Honorable Mention: Mohammed Ali Bhatti
Frank Billingsley – Simple strokes to evoke a solid image. It is obvious this artist can draw. So many times a good painting starts with a good drawing.
Mohammed Ali Bhatti - I was inspired by this countryside view near Conroe. I like the simplicity and quietness of the scene. I took a few clicks and painted with the idea of “less is more”, in watercolor landscape painting. The lower part is active shades and contrasts to the calm sky.
Cissy Geigerman: Well yes, we know this artist can draw! He is a popular instructor here at WASH and we hope to enjoy his classes for a long while.
Honorable Mention: Rona Lesser
“Sunset on the River”
Frank Billingsley – Reflection is subtle yet- there and well done.
Rona Lesser – This was taken from a series of photos done on a Victory Cruise ship down the St. Lawrence Seaway. I chose this one for the composition of the contrast of the reflection and the dark lines of the tower. I slowly developed the sky and land forms, and used the same colors to get the water. I had to go back and emphasize the horizon line to separate it from the reflection. The final step was to add the power lines with watercolor pencil. The reflections and sky were done with lots of layers and wet onto wet.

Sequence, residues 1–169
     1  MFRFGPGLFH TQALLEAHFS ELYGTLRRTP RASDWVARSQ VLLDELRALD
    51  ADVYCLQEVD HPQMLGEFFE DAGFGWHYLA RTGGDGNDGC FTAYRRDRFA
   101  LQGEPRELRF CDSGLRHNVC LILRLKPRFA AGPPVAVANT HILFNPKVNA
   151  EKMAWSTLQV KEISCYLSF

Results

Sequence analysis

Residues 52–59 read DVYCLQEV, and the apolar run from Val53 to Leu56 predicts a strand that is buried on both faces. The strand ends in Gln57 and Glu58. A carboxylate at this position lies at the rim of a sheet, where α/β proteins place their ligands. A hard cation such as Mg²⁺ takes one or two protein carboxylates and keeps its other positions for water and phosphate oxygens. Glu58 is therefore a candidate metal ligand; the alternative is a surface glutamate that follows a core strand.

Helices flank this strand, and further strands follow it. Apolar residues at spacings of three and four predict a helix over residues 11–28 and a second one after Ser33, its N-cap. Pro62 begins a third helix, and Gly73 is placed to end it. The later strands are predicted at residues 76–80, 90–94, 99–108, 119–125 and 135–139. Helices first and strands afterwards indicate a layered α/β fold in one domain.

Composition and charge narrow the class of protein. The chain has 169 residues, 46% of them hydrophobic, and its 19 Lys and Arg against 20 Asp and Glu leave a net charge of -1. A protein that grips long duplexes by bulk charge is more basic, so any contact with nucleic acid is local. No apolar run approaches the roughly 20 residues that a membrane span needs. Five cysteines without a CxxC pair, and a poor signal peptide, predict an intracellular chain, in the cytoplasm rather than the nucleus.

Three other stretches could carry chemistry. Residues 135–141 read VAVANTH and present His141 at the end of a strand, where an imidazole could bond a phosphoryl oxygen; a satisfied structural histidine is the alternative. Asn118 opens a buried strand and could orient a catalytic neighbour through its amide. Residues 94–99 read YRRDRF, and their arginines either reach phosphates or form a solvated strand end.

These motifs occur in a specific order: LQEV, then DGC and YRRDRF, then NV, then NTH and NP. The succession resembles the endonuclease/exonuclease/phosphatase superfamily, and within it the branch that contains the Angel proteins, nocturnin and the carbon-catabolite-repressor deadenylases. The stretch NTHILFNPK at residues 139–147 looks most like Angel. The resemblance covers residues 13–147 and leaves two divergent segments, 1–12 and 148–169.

Frank Billingsley: Did you turn the painting upside down to do the reflections?
Rona Lesser: No, I did it all together, but I did turn it upside down near the end to check if it looked all right.
September Show – BLUE
Our next show will feature that glorious color blue. This hue has a rich history of creation and is commonly associated with a range of particular feelings including tranquility, calmness, imagination, cold, distance, sadness, and peace. From ultramarine to azure, the color blue comes in a vast array of compelling color variations and subtle shifts in hue. While other colors are allowed in this show, each painting must feature the color blue as the predominant color, or as a prominent feature/focal point of the piece.